In a makeshift changing room filled with Disney Infinity figures, I strip down to my boxers and pull on a two-part Lycra suit. It feels tight, and the top half shimmies up toward my waistline as soon as I stretch or stand up straight. How anyone is able to act in this thing is a mystery to me. Sheepishly, I gather my belongings and trot back to the motion capture studio that sits at the end of Ninja Theory's offices in Cambridge, England. Inside, a couple of engineers scurry about, prepping cameras and cables.
For years, movie and video game studios have used mocap to bring digital characters to life. From detective Cole Phelps in L.A. Noire to the powerful Caesar in Planet of the Apes, the technology has delivered some truly moving, actor-driven performances. Normally, however, motion capture scenes are processed by an animator hours, days or weeks after they've been captured on set. It's a time-consuming process, and one that involves some guesswork. In a sparse, lifeless room, directors are forced to imagine how a take will look in the final sequence.
Not so with Ninja Theory. The video game developer has a unique setup that allows Chief Creative Director Tameem Antoniades and his team to preview scenes in real time. Pre-visualisation, or pre-vis, has existed before in the industry, but it's typically limited to body tracking. Full-character modelling is rare, especially at the kind of fidelity Ninja Theory is shooting for with its next game, Hellblade: Senua's Sacrifice.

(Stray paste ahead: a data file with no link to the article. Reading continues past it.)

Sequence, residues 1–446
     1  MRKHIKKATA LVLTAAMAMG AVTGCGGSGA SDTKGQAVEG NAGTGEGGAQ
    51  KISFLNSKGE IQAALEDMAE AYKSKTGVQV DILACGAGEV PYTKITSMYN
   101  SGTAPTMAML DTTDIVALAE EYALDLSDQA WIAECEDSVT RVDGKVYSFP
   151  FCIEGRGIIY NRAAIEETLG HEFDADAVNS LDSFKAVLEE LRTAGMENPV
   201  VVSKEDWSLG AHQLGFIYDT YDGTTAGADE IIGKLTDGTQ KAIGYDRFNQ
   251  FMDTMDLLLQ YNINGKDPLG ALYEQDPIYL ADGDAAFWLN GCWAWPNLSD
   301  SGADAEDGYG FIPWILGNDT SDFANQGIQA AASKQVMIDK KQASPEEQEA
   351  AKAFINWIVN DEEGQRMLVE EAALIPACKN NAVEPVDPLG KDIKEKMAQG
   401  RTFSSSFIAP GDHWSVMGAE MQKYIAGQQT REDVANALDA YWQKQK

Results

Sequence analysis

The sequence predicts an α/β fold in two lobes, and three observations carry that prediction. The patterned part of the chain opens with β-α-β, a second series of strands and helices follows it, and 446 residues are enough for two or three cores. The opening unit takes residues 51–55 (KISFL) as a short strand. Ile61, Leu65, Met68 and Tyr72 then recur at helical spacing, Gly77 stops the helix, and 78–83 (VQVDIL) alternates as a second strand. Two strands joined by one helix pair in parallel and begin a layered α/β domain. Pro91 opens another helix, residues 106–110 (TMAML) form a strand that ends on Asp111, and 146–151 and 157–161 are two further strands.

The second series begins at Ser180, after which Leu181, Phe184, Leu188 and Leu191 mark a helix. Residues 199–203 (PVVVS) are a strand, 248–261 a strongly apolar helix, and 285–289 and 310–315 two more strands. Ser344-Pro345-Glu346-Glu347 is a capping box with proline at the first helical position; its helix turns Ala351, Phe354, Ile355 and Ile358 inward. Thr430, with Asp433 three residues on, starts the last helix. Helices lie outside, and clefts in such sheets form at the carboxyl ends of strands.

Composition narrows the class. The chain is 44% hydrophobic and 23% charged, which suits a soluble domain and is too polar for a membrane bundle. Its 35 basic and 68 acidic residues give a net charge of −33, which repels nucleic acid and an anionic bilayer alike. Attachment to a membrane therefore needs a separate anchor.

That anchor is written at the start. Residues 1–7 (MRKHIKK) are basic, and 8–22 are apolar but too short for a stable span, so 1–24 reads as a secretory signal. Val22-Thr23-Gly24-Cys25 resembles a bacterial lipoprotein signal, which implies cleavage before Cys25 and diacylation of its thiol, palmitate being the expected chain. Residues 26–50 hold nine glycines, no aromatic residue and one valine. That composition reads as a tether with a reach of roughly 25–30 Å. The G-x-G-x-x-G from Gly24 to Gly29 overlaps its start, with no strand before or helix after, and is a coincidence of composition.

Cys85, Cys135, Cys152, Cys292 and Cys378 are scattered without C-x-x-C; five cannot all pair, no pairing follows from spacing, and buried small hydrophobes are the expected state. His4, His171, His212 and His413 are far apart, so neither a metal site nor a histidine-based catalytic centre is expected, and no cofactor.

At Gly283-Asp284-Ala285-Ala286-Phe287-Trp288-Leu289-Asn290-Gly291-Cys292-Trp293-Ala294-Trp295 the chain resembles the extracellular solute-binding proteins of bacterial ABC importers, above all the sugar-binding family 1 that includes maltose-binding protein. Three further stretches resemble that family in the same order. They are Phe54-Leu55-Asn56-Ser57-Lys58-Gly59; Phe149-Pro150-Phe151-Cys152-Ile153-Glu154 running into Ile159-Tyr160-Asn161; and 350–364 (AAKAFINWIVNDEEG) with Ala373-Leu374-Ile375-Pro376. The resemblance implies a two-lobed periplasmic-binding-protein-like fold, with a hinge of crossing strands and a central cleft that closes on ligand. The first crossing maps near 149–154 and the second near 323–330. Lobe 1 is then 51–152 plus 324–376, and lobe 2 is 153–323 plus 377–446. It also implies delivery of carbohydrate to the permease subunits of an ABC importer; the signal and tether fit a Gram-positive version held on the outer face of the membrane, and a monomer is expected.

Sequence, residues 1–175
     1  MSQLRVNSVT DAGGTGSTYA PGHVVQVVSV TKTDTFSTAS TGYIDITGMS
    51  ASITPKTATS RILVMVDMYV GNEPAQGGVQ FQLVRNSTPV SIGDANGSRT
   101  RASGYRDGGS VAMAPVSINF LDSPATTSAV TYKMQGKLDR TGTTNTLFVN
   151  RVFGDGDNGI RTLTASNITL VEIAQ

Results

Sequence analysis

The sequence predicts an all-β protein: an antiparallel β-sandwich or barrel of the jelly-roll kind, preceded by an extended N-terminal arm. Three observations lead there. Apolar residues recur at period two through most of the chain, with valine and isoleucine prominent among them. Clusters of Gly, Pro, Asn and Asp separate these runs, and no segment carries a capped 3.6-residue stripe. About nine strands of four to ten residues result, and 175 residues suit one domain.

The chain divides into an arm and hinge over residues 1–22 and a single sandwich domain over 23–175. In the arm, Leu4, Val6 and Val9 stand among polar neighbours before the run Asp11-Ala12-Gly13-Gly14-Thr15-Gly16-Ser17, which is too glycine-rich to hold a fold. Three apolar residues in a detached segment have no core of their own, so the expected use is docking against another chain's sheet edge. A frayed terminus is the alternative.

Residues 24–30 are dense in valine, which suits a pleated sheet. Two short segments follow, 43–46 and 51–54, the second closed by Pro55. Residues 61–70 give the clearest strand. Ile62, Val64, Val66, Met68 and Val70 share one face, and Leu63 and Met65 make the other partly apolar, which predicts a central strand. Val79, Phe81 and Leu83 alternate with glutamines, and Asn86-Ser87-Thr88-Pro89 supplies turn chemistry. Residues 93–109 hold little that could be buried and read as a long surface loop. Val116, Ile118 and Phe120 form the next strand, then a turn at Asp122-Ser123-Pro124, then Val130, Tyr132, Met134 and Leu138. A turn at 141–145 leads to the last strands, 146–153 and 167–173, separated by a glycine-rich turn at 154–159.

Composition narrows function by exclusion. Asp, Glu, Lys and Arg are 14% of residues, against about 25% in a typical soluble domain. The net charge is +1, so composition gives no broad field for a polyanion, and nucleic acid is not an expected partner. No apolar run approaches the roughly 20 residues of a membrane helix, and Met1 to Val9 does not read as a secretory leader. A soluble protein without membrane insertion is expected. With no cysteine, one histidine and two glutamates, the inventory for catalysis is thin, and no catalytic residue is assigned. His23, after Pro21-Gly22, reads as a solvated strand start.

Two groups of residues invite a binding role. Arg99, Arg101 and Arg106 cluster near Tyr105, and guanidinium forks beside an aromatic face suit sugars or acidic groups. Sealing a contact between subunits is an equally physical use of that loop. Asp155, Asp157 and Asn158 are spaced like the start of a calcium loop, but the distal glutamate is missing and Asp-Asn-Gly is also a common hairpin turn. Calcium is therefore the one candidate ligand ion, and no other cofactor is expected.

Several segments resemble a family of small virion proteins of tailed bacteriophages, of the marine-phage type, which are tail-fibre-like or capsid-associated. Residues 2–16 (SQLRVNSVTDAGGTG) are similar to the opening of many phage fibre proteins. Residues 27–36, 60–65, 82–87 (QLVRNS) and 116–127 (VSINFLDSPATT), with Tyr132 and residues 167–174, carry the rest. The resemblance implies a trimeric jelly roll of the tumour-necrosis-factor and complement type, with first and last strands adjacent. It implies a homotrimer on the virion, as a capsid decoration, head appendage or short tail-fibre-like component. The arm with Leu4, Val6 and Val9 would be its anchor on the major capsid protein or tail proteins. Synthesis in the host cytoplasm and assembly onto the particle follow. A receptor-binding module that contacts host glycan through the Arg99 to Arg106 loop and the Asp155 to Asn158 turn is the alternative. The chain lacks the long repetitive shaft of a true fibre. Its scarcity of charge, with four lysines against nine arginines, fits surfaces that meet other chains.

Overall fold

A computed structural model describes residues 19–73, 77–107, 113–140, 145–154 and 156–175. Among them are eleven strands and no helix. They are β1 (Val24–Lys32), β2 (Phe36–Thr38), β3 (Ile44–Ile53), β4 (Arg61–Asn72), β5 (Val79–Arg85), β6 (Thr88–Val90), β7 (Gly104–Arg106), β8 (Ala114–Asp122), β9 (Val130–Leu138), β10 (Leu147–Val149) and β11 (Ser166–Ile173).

On a wet, dreary August afternoon, I prepare for my first motion capture performance. An engineer says hello and starts sticking various balls to my suit, covering important joints and muscles. I then slip my shoes inside some special wraps, kept in place with bright pink tape, and grab a peaked cap that can monitor my basic head position. I look and feel ridiculous. In the corner, behind a bank of PCs, another member of the team asks me to stand in a "T" position, arms stretched out wide. It's time to see what my body is capable of.
The next 10 minutes is a short aerobic workout. I'm asked to spin my arms in a circular motion before rotating my hips and lunging like an Olympic weightlifter. These exercises, I'm told, help the system to understand my body's full range of motion. Then, on a wall-mounted monitor, I see my character appear. First it's just a bevy of dots floating in space, then a blue, jellylike figure with no discernible features. Finally a strange, nightmarish warrior appears with bulging muscles and an animal-skull helmet. Branches poke out the back of his head, adding extra height to an already imposing figure.
Melina Juergens, the actress behind Hellblade's lead character, Senua, enters the room in another mocap suit. Her setup is a little different from mine, given she has a full digital double in the game. A circular, plastic arm wraps around the front of her face, similar to orthodontic headgear, with an LED light strip and cameras fitted on the inside. Senua soon pops into the scene, a powerful Celtic warrior covered in cuts and symbolic blue body paint. We are standing on a beach, with a huge tree behind us covered in flames and hanging bodies. It's a dark, sinister scene, but my first reaction is to dance around like a drunkard at a jamboree.
The Viking warrior matches my movements, and for a moment, I'm lost in the magic. I spend the next half hour with Juergens dancing, pretend fighting and playing the most surreal game of red hands. All the while I'm looking over my shoulder at a wall-mounted monitor, marveling at how the scene is able to render my movements with zero perceivable lag. Antoniades seems to be enjoying the moment too. He glides around the room with a two-handed camera grip that's also fitted with motion-tracking balls. There's nothing inside the cradle, however -- it's merely a prop to move the perspective, or virtual "camera," inside the world of Hellblade.